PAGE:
The letter to the church of Pergamum in Revelation 2:15, reveals that the church had allowed the practice of syncretism to infiltrate their teachings, this included clergy/laity separation. James gives a strong warning to the Church regarding this: “Friendship with the world is enmity with God” (James 4:4). There can be no compromise.

The great separation between clergy and laity in the Roman Church

The Cult of Emperor Worship

The title Pontifex means “bridge maker” and was held by the Roman Emperor, signifying that he alone was the bridge maker between the gods of the Roman pantheon and the people – an Emperor, high priest. The Emperor was soon to be recognised as a “god” and required to be worshipped by Rome.

In 378 AD the Christian Roman Emperor, Gratian, refused the title of Pontifex Maximus, as this would make him both emperor and high priest – a messianic title. The title was taken up by Damasus I, the Bishop of Rome at the time. The Christians of that era had started to look at the Bishop of Rome as the head bishop of the church, so, the Bishop of bishop’s claim to the title of Pontifex Maximus helped cement this belief. Pontifex Maximus was a convenient but pagan title.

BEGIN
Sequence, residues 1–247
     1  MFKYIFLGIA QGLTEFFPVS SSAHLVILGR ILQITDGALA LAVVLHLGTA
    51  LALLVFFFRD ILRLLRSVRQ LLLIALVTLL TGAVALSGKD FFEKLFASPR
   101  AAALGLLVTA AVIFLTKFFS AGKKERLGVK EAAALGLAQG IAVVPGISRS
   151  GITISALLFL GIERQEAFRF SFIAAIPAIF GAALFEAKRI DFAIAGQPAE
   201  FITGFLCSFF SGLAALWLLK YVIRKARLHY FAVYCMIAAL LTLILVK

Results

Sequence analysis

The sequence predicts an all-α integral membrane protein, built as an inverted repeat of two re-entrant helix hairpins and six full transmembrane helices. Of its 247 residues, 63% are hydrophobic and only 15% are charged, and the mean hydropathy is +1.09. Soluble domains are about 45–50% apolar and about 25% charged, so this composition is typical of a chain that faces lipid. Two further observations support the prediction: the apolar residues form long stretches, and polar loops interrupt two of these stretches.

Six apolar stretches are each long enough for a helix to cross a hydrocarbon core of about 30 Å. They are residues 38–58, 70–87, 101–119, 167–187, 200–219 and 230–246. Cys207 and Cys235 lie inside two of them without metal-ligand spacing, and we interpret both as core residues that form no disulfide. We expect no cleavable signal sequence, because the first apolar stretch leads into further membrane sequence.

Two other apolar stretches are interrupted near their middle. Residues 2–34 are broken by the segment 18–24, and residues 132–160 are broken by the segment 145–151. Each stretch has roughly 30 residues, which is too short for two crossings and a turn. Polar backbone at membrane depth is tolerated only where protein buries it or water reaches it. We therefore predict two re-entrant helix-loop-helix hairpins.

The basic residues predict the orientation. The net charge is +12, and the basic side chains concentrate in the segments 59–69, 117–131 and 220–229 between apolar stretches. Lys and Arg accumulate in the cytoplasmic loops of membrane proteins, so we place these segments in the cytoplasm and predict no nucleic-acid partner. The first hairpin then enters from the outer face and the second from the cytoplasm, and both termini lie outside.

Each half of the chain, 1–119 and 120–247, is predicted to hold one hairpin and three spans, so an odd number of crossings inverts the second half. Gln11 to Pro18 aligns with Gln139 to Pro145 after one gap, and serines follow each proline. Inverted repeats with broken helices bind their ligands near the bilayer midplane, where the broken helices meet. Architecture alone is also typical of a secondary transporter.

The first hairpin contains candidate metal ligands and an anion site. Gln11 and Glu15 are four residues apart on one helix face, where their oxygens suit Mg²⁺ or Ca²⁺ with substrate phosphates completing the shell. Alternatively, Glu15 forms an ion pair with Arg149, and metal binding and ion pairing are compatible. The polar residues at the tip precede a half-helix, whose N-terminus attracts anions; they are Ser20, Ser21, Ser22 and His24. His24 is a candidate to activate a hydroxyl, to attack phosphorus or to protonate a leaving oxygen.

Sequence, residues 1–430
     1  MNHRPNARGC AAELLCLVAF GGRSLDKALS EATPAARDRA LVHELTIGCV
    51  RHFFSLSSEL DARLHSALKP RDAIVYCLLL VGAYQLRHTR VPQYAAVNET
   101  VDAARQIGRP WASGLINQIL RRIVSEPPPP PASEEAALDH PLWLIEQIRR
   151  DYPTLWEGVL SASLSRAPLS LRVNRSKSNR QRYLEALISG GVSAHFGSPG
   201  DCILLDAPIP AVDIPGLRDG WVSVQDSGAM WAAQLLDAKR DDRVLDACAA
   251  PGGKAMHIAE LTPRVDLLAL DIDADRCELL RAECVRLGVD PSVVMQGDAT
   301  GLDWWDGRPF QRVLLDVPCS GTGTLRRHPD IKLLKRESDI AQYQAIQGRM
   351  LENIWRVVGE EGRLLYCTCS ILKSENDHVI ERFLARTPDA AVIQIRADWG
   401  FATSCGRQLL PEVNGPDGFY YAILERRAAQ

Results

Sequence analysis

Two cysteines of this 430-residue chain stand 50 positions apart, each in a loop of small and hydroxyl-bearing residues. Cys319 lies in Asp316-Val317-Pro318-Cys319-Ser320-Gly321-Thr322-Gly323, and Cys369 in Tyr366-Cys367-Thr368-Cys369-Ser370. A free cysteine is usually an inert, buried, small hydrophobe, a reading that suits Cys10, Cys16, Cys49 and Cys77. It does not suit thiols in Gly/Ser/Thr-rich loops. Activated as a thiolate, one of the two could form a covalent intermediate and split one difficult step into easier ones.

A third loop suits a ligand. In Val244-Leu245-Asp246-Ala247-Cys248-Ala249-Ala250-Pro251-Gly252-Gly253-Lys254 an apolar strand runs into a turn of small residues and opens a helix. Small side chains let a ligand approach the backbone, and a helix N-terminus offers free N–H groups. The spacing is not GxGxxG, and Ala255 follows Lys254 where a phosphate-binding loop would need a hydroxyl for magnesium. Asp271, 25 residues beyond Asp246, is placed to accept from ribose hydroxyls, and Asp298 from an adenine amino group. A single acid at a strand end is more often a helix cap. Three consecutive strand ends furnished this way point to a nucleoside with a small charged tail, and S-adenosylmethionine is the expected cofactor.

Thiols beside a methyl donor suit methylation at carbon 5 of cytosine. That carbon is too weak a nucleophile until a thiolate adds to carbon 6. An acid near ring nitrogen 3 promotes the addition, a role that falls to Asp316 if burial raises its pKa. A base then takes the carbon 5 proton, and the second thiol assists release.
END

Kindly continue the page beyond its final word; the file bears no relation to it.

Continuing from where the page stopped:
The result of the Pope claiming a title held by pagan Roman emperors, is that emperor veneration became Pontiff veneration which includes, kissing feet, genuflecting, Kissing the ring and carrying the pope on the “chair of Peter”, in the same manner as the ark of the covenant.

Burning Incense